Minority Mental Health Month
July 17, 2017
July is National Minority Mental Health Awareness Month. During the month of July, treatment professionals from around the United States engage in conversation and awareness efforts promoting mental health.
In American culture, there is a negative stigma surrounding mental health. Often, in Hispanic communities, that stigma is intensified. The way people talk and react to mental health concerns has a profound effect on whether people seek treatment.
In the popular television series Homeland, the main character (Carrie Mathison) struggles with bipolar disorder. She is forced to conceal her illness in fear of her job being threatened. When she is not ‘med-compliant,’ she suffers from intense bouts of mania, during which people think she is “crazy” or “insane.”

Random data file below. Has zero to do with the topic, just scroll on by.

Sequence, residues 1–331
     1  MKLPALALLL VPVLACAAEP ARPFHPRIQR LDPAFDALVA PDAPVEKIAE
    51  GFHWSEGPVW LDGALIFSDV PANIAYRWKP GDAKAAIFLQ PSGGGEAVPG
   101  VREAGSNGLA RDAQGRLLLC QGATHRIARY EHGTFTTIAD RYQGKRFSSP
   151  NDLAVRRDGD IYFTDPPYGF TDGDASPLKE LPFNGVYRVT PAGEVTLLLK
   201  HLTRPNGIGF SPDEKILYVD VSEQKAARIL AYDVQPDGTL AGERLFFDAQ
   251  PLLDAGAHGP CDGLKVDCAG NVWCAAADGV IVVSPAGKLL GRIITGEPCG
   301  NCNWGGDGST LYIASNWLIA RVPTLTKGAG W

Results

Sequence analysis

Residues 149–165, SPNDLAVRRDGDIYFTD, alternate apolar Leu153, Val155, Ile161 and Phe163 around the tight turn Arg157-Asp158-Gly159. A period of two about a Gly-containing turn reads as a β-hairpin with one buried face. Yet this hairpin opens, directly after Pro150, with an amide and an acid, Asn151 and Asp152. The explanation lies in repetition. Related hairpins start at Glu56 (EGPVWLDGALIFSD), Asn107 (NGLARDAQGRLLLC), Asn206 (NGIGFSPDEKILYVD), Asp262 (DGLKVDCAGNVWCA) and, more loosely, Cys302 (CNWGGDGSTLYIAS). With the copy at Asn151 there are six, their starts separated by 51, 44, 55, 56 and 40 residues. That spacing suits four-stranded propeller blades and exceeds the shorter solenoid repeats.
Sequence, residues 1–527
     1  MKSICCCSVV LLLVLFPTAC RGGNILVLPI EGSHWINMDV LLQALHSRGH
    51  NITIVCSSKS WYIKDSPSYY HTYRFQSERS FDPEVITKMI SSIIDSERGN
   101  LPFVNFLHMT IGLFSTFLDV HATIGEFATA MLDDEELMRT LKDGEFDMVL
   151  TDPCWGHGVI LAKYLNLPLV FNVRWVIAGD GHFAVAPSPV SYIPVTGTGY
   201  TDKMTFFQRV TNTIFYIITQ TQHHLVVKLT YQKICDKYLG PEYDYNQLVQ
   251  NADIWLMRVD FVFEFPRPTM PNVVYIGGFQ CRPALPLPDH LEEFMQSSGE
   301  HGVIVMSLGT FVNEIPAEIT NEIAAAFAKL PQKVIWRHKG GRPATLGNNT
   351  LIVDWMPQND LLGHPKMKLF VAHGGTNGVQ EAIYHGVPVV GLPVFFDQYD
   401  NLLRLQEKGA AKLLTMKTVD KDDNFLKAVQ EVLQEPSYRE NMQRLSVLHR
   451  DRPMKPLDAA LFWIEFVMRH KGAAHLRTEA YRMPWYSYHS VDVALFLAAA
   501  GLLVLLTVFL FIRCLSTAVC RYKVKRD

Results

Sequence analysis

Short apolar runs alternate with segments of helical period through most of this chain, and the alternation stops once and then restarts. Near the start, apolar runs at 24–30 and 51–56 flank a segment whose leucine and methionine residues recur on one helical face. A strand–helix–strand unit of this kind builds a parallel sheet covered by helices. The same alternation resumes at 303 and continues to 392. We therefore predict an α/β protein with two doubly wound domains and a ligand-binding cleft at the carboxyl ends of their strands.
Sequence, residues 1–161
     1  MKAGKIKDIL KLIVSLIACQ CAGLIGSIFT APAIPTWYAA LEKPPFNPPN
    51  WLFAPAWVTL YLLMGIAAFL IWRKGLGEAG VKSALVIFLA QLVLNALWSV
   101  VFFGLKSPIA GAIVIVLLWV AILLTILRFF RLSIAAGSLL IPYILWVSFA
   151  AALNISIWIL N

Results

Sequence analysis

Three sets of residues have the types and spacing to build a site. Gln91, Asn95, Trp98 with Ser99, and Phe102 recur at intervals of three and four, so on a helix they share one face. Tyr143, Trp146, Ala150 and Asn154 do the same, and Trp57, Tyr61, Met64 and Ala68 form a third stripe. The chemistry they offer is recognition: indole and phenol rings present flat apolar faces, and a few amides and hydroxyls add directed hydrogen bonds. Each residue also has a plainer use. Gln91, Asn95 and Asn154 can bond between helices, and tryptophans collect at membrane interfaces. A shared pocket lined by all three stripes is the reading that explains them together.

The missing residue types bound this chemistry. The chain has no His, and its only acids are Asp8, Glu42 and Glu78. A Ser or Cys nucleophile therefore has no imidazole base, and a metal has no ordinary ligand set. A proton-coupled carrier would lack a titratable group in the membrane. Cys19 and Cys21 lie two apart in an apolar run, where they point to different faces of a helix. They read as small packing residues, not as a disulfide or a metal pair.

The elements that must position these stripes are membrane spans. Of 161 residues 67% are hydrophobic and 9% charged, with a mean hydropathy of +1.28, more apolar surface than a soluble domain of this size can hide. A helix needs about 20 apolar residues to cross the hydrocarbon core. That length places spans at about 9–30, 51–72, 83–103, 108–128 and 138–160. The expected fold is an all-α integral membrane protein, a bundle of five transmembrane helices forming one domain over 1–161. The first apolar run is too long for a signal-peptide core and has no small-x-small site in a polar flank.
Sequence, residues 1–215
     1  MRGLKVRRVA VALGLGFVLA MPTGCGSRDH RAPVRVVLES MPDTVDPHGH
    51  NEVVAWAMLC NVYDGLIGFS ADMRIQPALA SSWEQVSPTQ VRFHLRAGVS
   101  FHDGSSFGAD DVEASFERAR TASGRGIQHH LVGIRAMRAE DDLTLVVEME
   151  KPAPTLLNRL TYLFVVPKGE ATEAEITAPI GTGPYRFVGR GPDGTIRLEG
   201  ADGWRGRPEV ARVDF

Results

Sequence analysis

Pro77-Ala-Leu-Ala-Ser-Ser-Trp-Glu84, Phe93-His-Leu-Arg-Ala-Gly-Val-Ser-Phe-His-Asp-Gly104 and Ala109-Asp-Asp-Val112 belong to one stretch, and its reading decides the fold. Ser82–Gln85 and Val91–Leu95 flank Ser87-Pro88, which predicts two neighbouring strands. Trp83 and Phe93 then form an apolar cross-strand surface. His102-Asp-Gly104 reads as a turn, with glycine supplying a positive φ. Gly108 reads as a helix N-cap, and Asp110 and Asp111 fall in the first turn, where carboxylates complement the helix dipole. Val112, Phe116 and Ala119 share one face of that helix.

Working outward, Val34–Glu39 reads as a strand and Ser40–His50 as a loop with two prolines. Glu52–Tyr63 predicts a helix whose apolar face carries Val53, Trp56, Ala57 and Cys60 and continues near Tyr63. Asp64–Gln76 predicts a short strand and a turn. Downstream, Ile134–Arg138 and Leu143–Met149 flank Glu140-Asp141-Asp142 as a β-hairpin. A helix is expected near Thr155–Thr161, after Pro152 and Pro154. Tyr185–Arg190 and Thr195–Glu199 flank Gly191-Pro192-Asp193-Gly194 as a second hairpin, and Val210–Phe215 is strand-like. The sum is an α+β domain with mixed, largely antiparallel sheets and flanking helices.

In reality, she is sick.
When people catch a fever, they go to the doctor, take a few days off from work— and no one blinks an eye.
Take 2 days off from work because a manic episode, and people around the office start whispering that you are “crazy.”
The way we discuss and often shun people who struggle with mental illness has a negative impact on the overall health of our communities. In a perfect world, people should feel a nonjudgmental attitude towards seeking treatment.
In a perfect world, there would be no shame associated with asking for help.
The Florida Council on Compulsive Gambling (FCCG) understands how difficult it can be for people to reach out for help given this stigma. That is why the 888-ADMIT-IT Problem Gambling Helpline is confidential. People are sometimes afraid to give any identifying information out of fear and shame and the FCCG always makes sure to let callers know that anonymity is a top priority when providing resources.
During July, expand your thought process as it relates to mental health. People of all ethnic backgrounds should feel that treatment is an option, for any mental illness.
To read more and find way to get involved, click here.